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The Scarlet Letter
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The Scarlet Letter
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  • It was not merely during the three hours and a half which Uncle Sam claimed as his share of my daily life that this wretched numbness held possession of me.
  • His position is then one of the most singularly irksome, and, in every contingency, disagreeable, that a wretched mortal can possibly occupy; with seldom an alternative of good on either hand, although what presents itself to him as the worst event may very probably be the best.
  • Under that impulse she had made her choice, and had chosen, as it now appeared, the more wretched alternative of the two.
  • Why should a wretched man—guilty, we will say, of murder—prefer to keep the dead corpse buried in his own heart, rather than fling it forth at once, and let the universe take care of it!
  • So brief a journey would bring thee from a world where thou hast been most wretched, to one where thou mayest still be happy!
  • Wretched and sinful as I am, I have had no other thought than to drag on my earthly existence in the sphere where Providence hath placed me.
  • This wretched and wronged old man is opposing it with all his might!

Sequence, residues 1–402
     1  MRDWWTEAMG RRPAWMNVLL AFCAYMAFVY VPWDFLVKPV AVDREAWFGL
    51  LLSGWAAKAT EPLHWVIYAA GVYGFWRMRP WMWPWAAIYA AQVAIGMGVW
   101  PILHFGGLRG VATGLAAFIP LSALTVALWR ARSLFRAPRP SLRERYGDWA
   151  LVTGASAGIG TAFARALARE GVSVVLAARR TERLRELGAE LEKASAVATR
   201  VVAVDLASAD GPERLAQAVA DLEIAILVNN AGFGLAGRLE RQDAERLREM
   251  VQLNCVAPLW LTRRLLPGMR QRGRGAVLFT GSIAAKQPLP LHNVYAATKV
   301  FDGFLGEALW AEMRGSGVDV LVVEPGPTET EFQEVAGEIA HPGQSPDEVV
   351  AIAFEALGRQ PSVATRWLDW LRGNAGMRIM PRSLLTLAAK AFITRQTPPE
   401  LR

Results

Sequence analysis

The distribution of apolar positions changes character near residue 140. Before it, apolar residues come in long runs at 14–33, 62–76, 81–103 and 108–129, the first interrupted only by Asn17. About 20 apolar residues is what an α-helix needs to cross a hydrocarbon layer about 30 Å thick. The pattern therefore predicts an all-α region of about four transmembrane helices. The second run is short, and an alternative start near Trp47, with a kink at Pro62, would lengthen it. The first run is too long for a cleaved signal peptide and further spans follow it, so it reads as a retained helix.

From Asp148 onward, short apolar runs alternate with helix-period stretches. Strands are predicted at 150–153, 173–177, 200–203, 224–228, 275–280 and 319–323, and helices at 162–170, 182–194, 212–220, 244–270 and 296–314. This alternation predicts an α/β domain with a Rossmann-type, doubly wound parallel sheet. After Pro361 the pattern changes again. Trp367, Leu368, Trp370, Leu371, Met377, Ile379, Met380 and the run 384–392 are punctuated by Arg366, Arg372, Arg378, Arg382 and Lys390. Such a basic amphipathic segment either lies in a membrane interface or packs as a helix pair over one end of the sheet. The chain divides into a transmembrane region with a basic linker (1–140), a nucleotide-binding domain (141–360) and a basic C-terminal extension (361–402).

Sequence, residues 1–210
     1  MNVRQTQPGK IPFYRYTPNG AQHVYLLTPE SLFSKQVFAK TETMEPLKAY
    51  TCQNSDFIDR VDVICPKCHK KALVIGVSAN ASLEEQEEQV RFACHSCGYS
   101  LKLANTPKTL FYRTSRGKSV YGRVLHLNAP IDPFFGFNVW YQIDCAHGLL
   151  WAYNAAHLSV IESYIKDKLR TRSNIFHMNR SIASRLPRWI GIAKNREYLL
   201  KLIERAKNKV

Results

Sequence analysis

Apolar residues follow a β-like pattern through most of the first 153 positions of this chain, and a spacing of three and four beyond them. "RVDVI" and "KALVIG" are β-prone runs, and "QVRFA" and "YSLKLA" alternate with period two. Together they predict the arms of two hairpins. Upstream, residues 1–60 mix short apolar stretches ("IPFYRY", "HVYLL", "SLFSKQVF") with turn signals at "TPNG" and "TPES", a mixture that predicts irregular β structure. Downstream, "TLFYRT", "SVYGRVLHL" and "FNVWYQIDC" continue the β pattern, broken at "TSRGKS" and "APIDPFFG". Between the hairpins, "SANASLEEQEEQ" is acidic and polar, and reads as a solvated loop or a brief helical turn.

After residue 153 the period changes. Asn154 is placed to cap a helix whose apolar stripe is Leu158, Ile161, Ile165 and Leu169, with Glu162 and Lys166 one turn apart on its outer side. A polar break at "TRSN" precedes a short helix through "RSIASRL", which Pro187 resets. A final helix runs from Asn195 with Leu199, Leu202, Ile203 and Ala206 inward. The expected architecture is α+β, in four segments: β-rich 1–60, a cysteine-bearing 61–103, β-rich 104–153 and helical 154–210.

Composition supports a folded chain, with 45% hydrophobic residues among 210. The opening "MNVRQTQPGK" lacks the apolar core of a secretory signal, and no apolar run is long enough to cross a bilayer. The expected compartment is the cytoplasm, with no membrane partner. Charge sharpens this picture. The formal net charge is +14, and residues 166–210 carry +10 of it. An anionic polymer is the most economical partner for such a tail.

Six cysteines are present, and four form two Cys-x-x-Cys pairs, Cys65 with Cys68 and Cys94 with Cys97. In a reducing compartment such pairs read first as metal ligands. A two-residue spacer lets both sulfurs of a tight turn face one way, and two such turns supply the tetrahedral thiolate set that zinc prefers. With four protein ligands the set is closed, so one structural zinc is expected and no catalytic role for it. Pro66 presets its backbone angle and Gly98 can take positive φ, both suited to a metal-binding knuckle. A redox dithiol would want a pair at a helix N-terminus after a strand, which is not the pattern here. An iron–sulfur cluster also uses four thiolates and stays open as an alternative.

• The wretched minister!
  • Since that wretched epoch, he had watched with morbid zeal and minuteness, not his acts—for those it was easy to arrange—but each breath of emotion, and his every thought.
  • He had told his hearers that he was altogether vile, a viler companion of the vilest, the worst of sinners, an abomination, a thing of unimaginable iniquity, and that the only wonder was that they did not see his wretched body shrivelled up before their eyes by the burning wrath of the Almighty!
  • Unable to accomplish this, he nevertheless, as a matter of principle, continued his habits of social familiarity with the old man, and thus gave him constant opportunities for perfecting the purpose to which—poor forlorn creature that he was, and more wretched than his victim—the avenger had devoted himself.
  • Women, more especially—in the continually recurring trials of wounded, wasted, wronged, misplaced, or erring and sinful passion—or with the dreary burden of a heart unyielded, because unvalued and unsought came to Hester’s cottage, demanding why they were so wretched, and what the remedy!

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  • The children were taken into protective custody due to their wretched living conditions.
  • The photograph showed poor people in a wretched village in East Africa.

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